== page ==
Understanding Prophylaxis – Play Like a Master!

Understanding Prophylaxis – Play Like a Master!

Prophylaxis is perhaps the most difficult concept to master to every club player. It seems to be very complicated, full of subtle and unintelligible moves, that only GMs can handle.

Nothing further from reality!

In this free preview of his Middlegame Mastery Course, IM Valeri Lilov clearly explains how this powerful concept can be applied in your own games.

But first things first: what is the prophylaxis? It’s thinking of what’s your opponent trying to do and, in case it’s necessary, to prevent it. It’s easy to say, but not easy to do.

IM Lilov takes two excellent games of GM Sergey Dolmatov to explain the details behind the way of thinking that will catapult your chess knowledge.Prophylaxis

Look carefully to the position on the right and think a bit about what would you play with the white pieces.

It’s not too difficult to understand that Black would love to play …d6-d5, as this will free all his constrained pieces.

But, after watching more thoughtfully, Dolmatov discovered that Black can’t immediately play …d5. For example, after a random move like 18.Rad1, 18…d5 can be answered by 19.Bxf8 Kxf8 20.b4!, fixing the new weakness on c5 and sealing the Bb7, which will be a permanent problem for Black.

For that reason, Black should prevent this playing first 18.Rad1 bxa4! 19.bxa4 and only now 19…d5!, with a good game (as White can’t play b3-b4 now)

This excellent reasoning make it clear that White should prevent this bxa4! idea. So, Dolmatov played the brilliant 18.Rab1!! This apparently silly move, is a very profound one that prevents all of Black’s ideas.

For example, if now 18…bxa4 19.bxa4 d5 White can take advantage of the open b-file to play 20.Bxf8 Kxf8 21.exd5 cxd5 22.dxe5, winning a pawn, as if Black takes on e5 he loses the Bb7!

If you want to really comprehend the prophylaxis, then watching this full class of IM Valeri Lilov will surely make a great impression in you.

And if there are lots of more critical concepts that you need to learn, IM Lilov is the right choice to study with, even what seems really difficult as planningmaneuvering or decision making. Get his full Middlegame Mastery Course clicling here.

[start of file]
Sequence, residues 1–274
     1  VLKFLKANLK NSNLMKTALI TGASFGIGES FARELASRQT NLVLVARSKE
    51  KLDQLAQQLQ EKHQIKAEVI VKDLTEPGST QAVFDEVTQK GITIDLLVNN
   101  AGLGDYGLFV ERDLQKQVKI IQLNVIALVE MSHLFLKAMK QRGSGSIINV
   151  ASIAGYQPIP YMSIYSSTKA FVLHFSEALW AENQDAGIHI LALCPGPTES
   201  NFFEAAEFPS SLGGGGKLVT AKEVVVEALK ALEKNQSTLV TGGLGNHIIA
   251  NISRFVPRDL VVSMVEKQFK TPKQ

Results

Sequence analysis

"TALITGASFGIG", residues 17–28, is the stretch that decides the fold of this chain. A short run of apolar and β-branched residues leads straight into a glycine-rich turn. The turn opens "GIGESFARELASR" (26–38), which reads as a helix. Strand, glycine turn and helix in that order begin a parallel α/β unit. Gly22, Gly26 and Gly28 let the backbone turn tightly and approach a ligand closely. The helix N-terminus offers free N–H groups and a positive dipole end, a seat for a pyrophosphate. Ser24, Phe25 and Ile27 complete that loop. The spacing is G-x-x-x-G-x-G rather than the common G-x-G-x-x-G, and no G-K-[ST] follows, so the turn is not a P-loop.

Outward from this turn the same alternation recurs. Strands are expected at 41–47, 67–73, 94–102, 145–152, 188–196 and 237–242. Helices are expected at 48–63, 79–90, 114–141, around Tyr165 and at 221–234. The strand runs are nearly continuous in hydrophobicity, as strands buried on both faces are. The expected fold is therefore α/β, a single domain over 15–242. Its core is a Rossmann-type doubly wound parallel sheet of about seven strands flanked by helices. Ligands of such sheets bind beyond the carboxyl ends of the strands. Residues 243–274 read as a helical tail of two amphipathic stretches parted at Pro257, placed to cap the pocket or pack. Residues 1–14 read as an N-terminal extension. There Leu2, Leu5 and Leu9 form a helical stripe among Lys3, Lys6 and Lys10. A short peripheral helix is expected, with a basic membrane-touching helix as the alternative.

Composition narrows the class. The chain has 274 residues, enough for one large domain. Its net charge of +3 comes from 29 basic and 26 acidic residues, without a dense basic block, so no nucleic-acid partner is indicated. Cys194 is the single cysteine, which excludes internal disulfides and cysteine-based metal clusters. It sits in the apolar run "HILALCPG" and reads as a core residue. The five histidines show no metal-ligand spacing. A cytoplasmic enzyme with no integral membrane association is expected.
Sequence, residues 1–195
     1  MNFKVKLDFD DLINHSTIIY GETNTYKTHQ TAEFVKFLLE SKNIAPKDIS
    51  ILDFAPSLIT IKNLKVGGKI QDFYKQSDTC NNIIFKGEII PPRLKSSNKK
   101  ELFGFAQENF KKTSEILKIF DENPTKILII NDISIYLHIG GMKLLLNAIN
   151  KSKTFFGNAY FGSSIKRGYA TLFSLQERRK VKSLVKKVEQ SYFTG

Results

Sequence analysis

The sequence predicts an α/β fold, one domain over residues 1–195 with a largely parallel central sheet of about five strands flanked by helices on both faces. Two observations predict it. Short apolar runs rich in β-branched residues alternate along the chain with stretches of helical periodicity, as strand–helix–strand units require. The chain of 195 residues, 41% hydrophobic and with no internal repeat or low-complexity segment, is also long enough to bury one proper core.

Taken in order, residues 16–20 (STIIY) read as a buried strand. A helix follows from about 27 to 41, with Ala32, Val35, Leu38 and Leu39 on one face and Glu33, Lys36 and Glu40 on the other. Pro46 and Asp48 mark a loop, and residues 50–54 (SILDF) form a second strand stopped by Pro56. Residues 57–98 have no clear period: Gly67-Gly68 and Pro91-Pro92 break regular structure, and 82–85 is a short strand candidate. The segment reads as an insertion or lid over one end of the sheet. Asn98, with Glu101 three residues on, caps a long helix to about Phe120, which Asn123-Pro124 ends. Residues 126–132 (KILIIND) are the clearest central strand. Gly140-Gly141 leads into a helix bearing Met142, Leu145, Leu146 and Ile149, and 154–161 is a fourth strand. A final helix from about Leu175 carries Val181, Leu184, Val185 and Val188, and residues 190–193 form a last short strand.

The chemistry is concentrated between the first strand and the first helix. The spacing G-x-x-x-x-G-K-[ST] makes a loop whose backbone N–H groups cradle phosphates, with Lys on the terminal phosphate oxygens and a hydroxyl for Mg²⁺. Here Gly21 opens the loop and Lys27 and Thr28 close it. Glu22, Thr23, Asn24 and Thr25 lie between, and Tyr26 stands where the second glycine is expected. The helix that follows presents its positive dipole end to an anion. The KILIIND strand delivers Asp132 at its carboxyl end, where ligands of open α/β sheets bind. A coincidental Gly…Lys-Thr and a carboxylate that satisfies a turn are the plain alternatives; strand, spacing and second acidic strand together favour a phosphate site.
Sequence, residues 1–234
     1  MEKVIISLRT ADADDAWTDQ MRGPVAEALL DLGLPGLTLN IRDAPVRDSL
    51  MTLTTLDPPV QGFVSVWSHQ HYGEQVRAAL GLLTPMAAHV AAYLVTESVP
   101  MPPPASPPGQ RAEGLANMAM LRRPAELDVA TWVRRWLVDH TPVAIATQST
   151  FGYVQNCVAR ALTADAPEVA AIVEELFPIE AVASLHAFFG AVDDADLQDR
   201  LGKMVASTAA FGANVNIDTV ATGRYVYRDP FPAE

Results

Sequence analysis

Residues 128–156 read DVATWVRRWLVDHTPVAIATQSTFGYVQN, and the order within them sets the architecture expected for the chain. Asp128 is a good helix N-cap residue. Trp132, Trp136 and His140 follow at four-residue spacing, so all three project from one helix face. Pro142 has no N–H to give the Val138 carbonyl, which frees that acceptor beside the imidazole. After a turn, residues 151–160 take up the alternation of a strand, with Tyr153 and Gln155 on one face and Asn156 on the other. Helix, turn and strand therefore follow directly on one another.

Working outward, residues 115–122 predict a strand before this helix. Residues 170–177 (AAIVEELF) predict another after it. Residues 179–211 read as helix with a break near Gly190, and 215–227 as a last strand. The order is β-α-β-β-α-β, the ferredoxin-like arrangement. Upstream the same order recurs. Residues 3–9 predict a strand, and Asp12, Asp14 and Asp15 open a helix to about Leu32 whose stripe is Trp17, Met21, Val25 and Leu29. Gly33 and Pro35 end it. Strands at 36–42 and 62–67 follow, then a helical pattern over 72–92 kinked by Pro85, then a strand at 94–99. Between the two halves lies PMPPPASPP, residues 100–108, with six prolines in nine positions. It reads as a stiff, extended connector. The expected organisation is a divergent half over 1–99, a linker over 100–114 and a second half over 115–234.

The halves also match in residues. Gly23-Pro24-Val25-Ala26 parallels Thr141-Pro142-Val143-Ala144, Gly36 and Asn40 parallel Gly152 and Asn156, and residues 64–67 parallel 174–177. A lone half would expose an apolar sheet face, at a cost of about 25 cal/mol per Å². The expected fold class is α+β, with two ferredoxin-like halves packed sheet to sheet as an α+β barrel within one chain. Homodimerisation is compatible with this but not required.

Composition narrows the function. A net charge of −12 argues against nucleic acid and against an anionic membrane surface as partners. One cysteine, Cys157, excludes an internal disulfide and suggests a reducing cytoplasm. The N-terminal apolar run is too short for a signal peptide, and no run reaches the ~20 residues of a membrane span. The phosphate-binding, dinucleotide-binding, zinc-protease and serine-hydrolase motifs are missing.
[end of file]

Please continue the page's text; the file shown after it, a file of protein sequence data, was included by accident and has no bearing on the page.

2 comments on “Understanding Prophylaxis – Play Like a Master!

  1. neobinu says:

    can you give me pgn file of the game[if possible fully anotated please]

    1. Fernando iChess says:

      Dolmatov, Sergey
      Beliavsky, Alexander G
      1-0
      WhiteElo 2615
      BlackElo 2620
      1. e4 e5 2. Nf3 Nc6 3. Bb5 a6 4. Ba4 Nf6 5. O-O Be7 6. Re1 b5 7. Bb3 d6 8. c3
      O-O 9. h3 Nb8 10. d4 Nbd7 11. Nbd2 Bb7 12. Bc2 Re8 13. a4 Bf8 14. Bd3 c6 15. b3
      g6 16. Ba3 Qc7 17. Qc2 Rad8 18. Rab1 d5 19. Bxf8 Kxf8 20. b4 dxe4 21. Bxe4 exd4
      22. cxd4 Qd6 23. Qb3 Re7 24. Bc2 Rde8 25. Qb2 Rxe1+ 26. Rxe1 Rxe1+ 27. Nxe1 Nb6
      28. a5 Nbd5 29. Nd3 Bc8 30. Nc5 Nf4 31. Bd1 Qd5 32. Bf3 Qg5 33. Kf1 N6d5 34.
      Nde4 Qe7 35. Nc3 Qd6 36. Bxd5 cxd5 37. Qd2 h5 38. h4 Kg7 39. Qe3 Ne6 40. g3 f6
      41. Ke1 Nc7 42. Kd2 Bg4 43. f3 Be6 44. Ne2 Bf7 45. g4 hxg4 46. fxg4 Be6 47. g5
      Bf5 48. gxf6+ Kxf6 49. Qg5+ Kf7 50. Qe3 Ne6 51. Qg3 Qxg3 52. Nxg3 Nxd4 53. Nxf5
      gxf5 54. Nxa6 Nc6 55. Nc7 Nxb4 56. Nxb5 Kg6 57. Nd4 Na6 58. Ke3 Nc5 59. Kf4
      Nd3+ 60. Ke3 Nb4 61. Kf4 Nd3+ 62. Kf3 Nb4 63. Ne2 Kf6 64. Nf4 d4 65. Ke2 Kf7
      66. Kd1 Kf6 67. Kd2 Kf7 68. Ne2 Kg6 69. Nxd4 f4 70. Ke2 Kh5 71. Kf3 Kxh4 72.
      Kxf4 Kh5 73. Ke5 Kg6 74. Kd6 Kf7 75. Kc5 Na6+ 76. Kb6 Nb4 77. Nc6 Nd5+ 78. Kb7
      Ke6 79. a6 Kd7 80. a7 Nc7 81. Ne5+ Kd8 82. Nc4 Na8 83. Nb6 Nc7 84. Kc6 1-0

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2 comments on “Understanding Prophylaxis – Play Like a Master!

  1. neobinu says:

    can you give me pgn file of the game[if possible fully anotated please]

    1. Fernando iChess says:

      Dolmatov, Sergey
      Beliavsky, Alexander G
      1-0
      WhiteElo 2615
      BlackElo 2620
      1. e4 e5 2. Nf3 Nc6 3. Bb5 a6 4. Ba4 Nf6 5. O-O Be7 6. Re1 b5 7. Bb3 d6 8. c3
      O-O 9. h3 Nb8 10. d4 Nbd7 11. Nbd2 Bb7 12. Bc2 Re8 13. a4 Bf8 14. Bd3 c6 15. b3
      g6 16. Ba3 Qc7 17. Qc2 Rad8 18. Rab1 d5 19. Bxf8 Kxf8 20. b4 dxe4 21. Bxe4 exd4
      22. cxd4 Qd6 23. Qb3 Re7 24. Bc2 Rde8 25. Qb2 Rxe1+ 26. Rxe1 Rxe1+ 27. Nxe1 Nb6
      28. a5 Nbd5 29. Nd3 Bc8 30. Nc5 Nf4 31. Bd1 Qd5 32. Bf3 Qg5 33. Kf1 N6d5 34.
      Nde4 Qe7 35. Nc3 Qd6 36. Bxd5 cxd5 37. Qd2 h5 38. h4 Kg7 39. Qe3 Ne6 40. g3 f6
      41. Ke1 Nc7 42. Kd2 Bg4 43. f3 Be6 44. Ne2 Bf7 45. g4 hxg4 46. fxg4 Be6 47. g5
      Bf5 48. gxf6+ Kxf6 49. Qg5+ Kf7 50. Qe3 Ne6 51. Qg3 Qxg3 52. Nxg3 Nxd4 53. Nxf5
      gxf5 54. Nxa6 Nc6 55. Nc7 Nxb4 56. Nxb5 Kg6 57. Nd4 Na6 58. Ke3 Nc5 59. Kf4
      Nd3+ 60. Ke3 Nb4 61. Kf4 Nd3+ 62. Kf3 Nb4 63. Ne2 Kf6 64. Nf4 d4 65. Ke2 Kf7
      66. Kd1 Kf6 67. Kd2 Kf7 68. Ne2 Kg6 69. Nxd4 f4 70. Ke2 Kh5 71. Kf3 Kxh4 72.
      Kxf4 Kh5 73. Ke5 Kg6 74. Kd6 Kf7 75. Kc5 Na6+ 76. Kb6 Nb4 77. Nc6 Nd5+ 78. Kb7
      Ke6 79. a6 Kd7 80. a7 Nc7 81. Ne5+ Kd8 82. Nc4 Na8 83. Nb6 Nc7 84. Kc6 1-0

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